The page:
Brazil has just three months to evict illegal loggers from land belonging to Earth’s most threatened tribe before it will be in breach of a court order, says Survival International who reveal that logging is still rife inside the territory.
The clock is now ticking for Brazil’s government, which has had years to tackle the problem.
In December 2011, a judge ruled that a deadline of one year was "sufficient time for non-Indians to be removed, and the constructions built on Awá land undone."
However, last week evidence emerged showing that illegal loggers are now working as close as six kilometres from vulnerable Awá families.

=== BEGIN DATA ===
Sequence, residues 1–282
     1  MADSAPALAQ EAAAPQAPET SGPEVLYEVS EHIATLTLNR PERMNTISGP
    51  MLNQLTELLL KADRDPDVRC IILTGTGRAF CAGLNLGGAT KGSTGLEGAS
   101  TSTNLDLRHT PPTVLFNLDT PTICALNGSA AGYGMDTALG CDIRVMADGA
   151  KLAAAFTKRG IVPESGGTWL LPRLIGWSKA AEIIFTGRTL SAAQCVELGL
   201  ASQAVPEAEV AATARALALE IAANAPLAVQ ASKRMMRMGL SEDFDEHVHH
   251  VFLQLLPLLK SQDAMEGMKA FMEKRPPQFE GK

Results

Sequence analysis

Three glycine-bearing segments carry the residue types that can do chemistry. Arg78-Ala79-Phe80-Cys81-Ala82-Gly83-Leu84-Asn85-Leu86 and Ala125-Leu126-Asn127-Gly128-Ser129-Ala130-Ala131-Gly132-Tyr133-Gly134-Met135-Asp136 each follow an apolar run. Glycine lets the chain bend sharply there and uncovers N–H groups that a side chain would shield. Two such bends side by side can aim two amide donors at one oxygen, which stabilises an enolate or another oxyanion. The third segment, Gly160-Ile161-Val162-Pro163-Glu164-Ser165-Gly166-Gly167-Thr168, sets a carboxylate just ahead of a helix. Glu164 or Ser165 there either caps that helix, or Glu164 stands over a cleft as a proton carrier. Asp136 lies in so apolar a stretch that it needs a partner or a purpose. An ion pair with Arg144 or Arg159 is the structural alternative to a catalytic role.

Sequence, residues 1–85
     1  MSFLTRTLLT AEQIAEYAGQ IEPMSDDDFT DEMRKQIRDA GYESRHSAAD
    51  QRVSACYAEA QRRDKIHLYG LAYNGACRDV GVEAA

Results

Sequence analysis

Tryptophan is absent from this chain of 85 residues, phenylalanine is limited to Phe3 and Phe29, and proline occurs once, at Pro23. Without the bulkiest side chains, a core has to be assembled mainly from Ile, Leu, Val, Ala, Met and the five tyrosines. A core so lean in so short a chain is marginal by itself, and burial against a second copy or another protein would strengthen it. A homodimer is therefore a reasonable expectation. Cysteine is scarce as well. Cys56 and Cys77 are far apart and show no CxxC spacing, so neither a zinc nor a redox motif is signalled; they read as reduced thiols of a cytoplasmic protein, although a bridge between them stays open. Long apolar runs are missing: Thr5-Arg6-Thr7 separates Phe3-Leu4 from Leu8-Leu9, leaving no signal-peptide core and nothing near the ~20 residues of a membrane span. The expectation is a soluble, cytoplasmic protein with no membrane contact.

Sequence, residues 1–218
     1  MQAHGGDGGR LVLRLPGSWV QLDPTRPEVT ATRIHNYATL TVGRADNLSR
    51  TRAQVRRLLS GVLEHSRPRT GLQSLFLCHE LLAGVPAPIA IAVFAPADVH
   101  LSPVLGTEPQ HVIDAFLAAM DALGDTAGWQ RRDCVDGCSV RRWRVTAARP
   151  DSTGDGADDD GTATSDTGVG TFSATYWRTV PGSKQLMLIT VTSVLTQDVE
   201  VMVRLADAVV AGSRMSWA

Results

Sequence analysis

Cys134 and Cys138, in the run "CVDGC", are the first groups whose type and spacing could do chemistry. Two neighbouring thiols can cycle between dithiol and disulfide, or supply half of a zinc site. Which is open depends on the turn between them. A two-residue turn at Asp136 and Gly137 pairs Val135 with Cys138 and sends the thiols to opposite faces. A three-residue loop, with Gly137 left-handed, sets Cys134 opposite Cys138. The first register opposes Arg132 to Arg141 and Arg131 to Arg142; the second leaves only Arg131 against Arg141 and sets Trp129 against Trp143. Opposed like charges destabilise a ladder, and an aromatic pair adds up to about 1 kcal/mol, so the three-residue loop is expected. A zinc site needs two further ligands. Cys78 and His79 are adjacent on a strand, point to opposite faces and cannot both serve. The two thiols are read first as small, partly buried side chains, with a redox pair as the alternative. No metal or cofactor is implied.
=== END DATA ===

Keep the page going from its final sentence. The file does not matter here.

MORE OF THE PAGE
Survival is now monitoring the impending deadline, and has started a countdown clock live on its website, to remind Brazilian authorities how little time they have left.
Stephen Corry, Director of Survival said today (11 September), "This is a race against time. Brazil has had more than enough time to expel illegal loggers and settlers from Awá land, yet almost nothing has actually been done on the ground. If it is serious about saving Earth’s most threatened tribe and respecting its own legal rulings, it will get the loggers out in the next three months."
So far, more than 33,000 messages from all over the world have been sent to Brazil’s Justice Minister, pressuring him to do more to protect the Awá’s land.
The attention has prompted Brazil’s Indian affairs department (FUNAI) to announce a special Awá programme. It has put a new team in place to oversee the project, which specialises in areas such as land protection and health.
But until Brazil’s Justice Minister sends in the police to evict the invaders, little will change on the ground, says Survival.